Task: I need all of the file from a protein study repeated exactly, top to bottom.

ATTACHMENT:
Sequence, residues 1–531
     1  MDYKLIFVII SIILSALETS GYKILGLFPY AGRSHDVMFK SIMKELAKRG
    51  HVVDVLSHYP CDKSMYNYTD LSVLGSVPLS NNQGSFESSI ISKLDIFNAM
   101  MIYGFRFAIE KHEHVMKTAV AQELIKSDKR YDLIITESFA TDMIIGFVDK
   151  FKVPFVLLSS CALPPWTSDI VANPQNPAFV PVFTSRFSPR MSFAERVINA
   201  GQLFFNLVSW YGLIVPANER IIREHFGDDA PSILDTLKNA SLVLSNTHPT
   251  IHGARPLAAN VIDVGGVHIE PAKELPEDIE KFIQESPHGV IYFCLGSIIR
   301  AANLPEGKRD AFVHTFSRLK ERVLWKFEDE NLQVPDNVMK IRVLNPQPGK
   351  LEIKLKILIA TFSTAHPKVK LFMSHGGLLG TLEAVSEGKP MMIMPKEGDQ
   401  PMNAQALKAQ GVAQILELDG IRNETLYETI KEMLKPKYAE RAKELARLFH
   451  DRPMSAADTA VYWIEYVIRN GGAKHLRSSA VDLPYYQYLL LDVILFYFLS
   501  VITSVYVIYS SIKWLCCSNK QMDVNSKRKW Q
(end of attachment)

Sequence, residues 1–531
     1  MDYKLIFVII SIILSALETS GYKILGLFPY AGRSHDVMFK SIMKELAKRG
    51  HVVDVLSHYP CDKSMYNYTD LSVLGSVPLS NNQGSFESSI ISKLDIFNAM
   101  MIYGFRFAIE KHEHVMKTAV AQELIKSDKR YDLIITESFA TDMIIGFVDK
   151  FKVPFVLLSS CALPPWTSDI VANPQNPAFV PVFTSRFSPR MSFAERVINA
   201  GQLFFNLVSW YGLIVPANER IIREHFGDDA PSILDTLKNA SLVLSNTHPT
   251  IHGARPLAAN VIDVGGVHIE PAKELPEDIE KFIQESPHGV IYFCLGSIIR
   301  AANLPEGKRD AFVHTFSRLK ERVLWKFEDE NLQVPDNVMK IRVLNPQPGK
   351  LEIKLKILIA TFSTAHPKVK LFMSHGGLLG TLEAVSEGKP MMIMPKEGDQ
   401  PMNAQALKAQ GVAQILELDG IRNETLYETI KEMLKPKYAE RAKELARLFH
   451  DRPMSAADTA VYWIEYVIRN GGAKHLRSSA VDLPYYQYLL LDVILFYFLS
   501  VITSVYVIYS SIKWLCCSNK QMDVNSKRKW Q